1 EAGLETON NOTES: Timing is Everything

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Monday, 13 January 2020

Timing is Everything

The secret to great comedy is timing. The same can be said for  travelling when living on an Island.

I had planned to stay with friends in Callander until today and I was booked on the evening ferry from Ullapool. It became fairly clear on Saturday, though, that if I didn't make a run for home on Sunday, I might not actually get home until Wednesday or even Thursday. Why? Storm Brendan was threatening most of the North-West of the UK and the Western Isles in particular were likely to get 90+mph winds. So I drove to Ullapool on Sunday for the evening ferry. It was a beautiful journey.

I'm now safely home.

The photos are mostly from my dashcam with the last three taken on my phone.








The last photo is Ralia the Highland Gateway Centre just South of Newtonmore. It's open throughout the year from 0800 to 1800 and is a very popular place to break the journey.

36 comments:

  1. Great snow cover for a beautiful area.

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    1. Red, it was just enough not to be a nuisance driving.

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  2. Perfect roads, no traffic, and snow. I thoroughly approve of the first two, but not the snow. Great pictures.

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    1. Cro, the snow wasn't a problem on the road and up on the hills and mountains it looks lovely and doesn't discommode me.

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  3. You did well, travelling when you did. I have not seen that much snow since last May when we drove through Austria on our way to South Tyrolia. This "winter", I have not yet seen one single flake.

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    1. Meike, I understand that there is more around today in The Highlands. Here it's just been incredibly stormy. I won't be going to The Woodlands this morning because the Braighe (the road across the isthmus to the peninsula on which I live) is closed by the storm winds and a very high tide.

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  4. It looks beautiful and good that you changed your journey so you're back home before the storm hit. Stay safe.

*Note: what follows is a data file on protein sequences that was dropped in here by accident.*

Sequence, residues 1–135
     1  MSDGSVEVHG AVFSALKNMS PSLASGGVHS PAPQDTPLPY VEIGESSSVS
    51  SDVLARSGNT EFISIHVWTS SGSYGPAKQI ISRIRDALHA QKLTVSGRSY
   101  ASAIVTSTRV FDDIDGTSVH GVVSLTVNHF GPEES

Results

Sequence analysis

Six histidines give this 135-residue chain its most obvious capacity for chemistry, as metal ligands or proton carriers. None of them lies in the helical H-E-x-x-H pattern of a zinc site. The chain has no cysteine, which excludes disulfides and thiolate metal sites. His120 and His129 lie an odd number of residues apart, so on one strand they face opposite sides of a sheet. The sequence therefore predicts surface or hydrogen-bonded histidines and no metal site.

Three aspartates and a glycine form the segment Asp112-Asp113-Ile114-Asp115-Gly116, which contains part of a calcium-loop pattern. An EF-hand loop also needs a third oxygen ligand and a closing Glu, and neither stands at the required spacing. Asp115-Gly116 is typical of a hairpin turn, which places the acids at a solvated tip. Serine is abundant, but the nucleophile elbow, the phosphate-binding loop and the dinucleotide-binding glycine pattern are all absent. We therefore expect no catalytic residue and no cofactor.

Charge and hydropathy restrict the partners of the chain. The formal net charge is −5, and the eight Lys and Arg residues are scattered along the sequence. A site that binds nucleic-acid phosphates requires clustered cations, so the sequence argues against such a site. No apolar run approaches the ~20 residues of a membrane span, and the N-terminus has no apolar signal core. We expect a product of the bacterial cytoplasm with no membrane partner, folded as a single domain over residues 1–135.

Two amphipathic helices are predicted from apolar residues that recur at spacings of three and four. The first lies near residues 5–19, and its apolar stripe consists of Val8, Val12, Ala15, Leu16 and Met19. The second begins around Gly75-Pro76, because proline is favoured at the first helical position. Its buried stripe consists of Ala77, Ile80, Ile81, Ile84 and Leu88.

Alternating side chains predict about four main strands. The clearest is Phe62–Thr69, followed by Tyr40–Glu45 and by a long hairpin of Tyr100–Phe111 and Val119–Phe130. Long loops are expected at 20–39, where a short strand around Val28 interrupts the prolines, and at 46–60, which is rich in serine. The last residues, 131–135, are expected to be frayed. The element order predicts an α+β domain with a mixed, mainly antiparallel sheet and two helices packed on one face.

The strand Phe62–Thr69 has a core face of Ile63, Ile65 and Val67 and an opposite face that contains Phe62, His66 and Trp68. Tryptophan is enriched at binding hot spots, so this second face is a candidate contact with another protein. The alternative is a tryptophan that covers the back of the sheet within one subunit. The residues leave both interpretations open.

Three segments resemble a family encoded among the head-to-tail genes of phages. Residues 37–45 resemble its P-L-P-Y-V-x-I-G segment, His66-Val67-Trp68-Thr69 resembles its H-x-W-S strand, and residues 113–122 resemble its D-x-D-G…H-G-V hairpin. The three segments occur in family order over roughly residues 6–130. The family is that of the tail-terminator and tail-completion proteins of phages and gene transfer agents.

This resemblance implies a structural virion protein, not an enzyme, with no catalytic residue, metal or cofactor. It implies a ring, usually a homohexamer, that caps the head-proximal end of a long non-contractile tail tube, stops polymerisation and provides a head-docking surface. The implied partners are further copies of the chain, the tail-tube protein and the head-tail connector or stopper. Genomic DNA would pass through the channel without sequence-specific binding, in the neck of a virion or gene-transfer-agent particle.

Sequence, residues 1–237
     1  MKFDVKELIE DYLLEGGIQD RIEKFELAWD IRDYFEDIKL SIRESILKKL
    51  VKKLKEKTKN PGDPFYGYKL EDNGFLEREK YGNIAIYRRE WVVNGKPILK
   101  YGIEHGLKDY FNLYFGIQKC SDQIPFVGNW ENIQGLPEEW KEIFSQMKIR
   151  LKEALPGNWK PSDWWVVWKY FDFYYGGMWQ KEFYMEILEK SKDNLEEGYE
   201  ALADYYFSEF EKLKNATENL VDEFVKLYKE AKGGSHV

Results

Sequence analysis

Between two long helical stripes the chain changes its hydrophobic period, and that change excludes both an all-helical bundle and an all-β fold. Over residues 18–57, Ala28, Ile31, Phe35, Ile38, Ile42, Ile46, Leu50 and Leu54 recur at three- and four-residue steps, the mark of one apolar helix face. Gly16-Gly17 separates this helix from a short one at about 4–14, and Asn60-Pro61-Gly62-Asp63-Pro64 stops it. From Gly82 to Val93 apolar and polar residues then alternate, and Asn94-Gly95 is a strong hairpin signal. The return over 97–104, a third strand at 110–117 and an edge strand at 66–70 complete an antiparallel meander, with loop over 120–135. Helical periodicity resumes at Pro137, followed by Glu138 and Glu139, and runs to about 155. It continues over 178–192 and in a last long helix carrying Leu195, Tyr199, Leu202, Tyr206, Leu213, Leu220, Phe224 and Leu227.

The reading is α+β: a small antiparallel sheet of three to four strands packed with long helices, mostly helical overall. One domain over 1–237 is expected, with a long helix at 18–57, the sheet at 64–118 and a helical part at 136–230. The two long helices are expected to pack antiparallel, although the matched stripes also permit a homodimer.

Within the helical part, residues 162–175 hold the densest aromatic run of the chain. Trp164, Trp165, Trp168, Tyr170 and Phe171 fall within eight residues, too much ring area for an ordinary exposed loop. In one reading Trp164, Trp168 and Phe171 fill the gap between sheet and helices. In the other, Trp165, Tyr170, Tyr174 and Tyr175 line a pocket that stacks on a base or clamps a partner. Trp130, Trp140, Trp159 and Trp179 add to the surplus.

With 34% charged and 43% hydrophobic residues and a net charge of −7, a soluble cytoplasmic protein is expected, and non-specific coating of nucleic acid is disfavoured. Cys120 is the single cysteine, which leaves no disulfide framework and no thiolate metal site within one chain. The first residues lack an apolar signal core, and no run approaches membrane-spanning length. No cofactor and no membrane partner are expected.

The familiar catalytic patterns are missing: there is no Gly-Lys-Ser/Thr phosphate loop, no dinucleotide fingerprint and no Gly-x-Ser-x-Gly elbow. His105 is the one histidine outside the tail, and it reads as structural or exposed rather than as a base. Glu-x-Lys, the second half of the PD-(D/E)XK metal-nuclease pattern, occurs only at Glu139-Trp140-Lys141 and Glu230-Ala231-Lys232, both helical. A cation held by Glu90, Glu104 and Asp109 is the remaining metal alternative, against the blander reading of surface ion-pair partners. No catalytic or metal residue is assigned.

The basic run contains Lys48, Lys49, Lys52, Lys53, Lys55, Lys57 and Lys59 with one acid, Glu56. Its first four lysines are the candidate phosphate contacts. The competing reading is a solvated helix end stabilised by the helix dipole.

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    1. Thank you, Jules. There's no place like home, even in a storm!

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  5. Stunning scenery and great photos, Good to hear that you made it home safely.

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  6. I'm glad you didn't miss the boat, Graham! Some would say I often miss the boat!! :)

    I hope all is safe...and Storm Brendan wasn't too angry.

    Great photos...thanks for sharing. :)

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    1. Lee, all of us have missed one boat or another. Storm Brendan has now moved on but we still have very strong winds which, combined with very high Spring tides, are causing problems. But compared with the problems in Australia and the Philippines and many other places they are as nothing.

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  7. Good thinking to make a hasty trip back up to your home. I said to David last night that the road across the Braighe would be impassable just now. The snowy photos are wonderful, blue skies and snowy landscapes but decent road conditions. No snow here but very strong gales and torrential rain due by lunchtime today. Ooooh I hate winter. Glad that the tests were still on the right track when you were in Glasgow. Keep on keeping on as we say.

    regards Beverley

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    1. Beverley, I'm glad that you are back commenting again. It keeps us more in touch. We had a lull today but this evening the strong winds are back. The storm shutters are up though! I don't particularly dislike winter, but I do not like the high winds and the disruption. But then few of us like disruption, however caused.

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  8. I'm glad you got home safely :) And nice to be able to take some photos along the way while driving! The weather has been very windy here too, but unusually mild for January. Still no snow around here.

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    1. I'm glad, Monica, that your weather isn't as bad as ours. I rarely stop to take photos when I'm journeying. I should do so more often. However the dash-cam runs all the time the car is running .

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  9. oh wow I'm loving the snowy landscape. you know what it reminds me of? Our Mount Ruapehu and the scenic roads on the way there.